Childhood Cancer

You are here

MYC-driven Core Regulatory Circuits in Neuroblastoma

Dana-Farber Cancer Institute
Mark Zimmerman, PhD
Grant Type: 
Young Investigator Grants
Year Awarded: 
Type of Childhood Cancer: 
Project Description: 

Neuroblastoma is a tumor of the developing nervous system that occurs in very young children with a median age of 17 months. While neuroblastoma is the diagnosis for just 10% of pediatric cancer patients, it accounts for more than 15% of childhood cancer deaths as many high-risk tumors never achieve a durable response to current therapies. My research efforts are focused on understanding the function of MYC family oncogenes in neuroblastoma tumorigenesis, as well as the genes they synergize with to promote malignancy. Recent advances have fundamentally changed our understanding of how cell identity and disease states are maintained. We have recently discovered that MYC works in concert with a small group of core transcription factors responsible for directing the entire cellular gene expression program. These master regulators bind cooperatively to noncoding regulatory elements known as super-enhancers, which are essential in driving expression of the genes required for cellular identity and in the case of diseases such as cancer, malignancy.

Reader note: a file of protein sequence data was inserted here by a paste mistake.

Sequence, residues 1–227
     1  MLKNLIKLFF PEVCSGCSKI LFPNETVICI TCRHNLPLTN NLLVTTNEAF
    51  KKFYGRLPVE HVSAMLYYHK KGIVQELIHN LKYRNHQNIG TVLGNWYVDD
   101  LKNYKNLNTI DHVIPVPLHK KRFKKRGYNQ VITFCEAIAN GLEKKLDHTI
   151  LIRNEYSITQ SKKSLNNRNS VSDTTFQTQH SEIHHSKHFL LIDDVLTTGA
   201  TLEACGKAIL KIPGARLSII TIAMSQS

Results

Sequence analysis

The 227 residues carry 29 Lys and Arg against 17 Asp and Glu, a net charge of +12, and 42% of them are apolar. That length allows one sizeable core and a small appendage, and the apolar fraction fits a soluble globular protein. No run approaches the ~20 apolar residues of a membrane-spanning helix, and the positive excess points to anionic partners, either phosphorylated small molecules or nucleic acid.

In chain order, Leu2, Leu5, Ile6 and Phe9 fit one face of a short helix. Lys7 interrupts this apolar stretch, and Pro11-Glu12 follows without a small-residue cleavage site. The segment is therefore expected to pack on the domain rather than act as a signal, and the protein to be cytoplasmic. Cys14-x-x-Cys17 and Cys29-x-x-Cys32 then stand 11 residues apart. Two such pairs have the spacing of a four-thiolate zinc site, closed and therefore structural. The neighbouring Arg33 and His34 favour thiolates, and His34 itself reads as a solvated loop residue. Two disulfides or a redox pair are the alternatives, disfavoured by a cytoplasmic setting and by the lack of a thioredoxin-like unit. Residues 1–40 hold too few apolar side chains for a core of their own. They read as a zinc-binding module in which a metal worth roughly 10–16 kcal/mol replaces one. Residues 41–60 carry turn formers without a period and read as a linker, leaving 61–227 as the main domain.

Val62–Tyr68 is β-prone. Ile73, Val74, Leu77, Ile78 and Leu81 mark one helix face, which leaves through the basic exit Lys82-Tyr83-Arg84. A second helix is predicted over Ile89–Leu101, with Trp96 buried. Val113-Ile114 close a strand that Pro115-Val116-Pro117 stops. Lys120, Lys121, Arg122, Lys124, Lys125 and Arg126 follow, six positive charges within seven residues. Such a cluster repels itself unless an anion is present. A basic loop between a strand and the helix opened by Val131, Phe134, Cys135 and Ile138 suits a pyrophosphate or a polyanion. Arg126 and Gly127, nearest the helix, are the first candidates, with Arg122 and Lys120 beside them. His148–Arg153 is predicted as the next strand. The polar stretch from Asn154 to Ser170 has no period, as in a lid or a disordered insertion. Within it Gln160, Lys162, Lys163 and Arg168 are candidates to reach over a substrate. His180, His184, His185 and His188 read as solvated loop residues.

Project Goal
Using a combination of innovative computational and molecular approaches, I am now dissecting the mechanisms of this core transcriptional unit and determining their specific roles in the establishment and maintenance of tumor cell states. Additionally, I am elucidating the mechanism of action for clinically-used therapeutics targeting transcription to determine how they epigenetically reprogram neuroblastoma cell identity. Ultimately, this research could lead to the development of next-generation circuitry-directed therapeutics targeting the essential factors required for neuroblastoma cell growth and survival.

Co-funded by: 
Flashes of Hope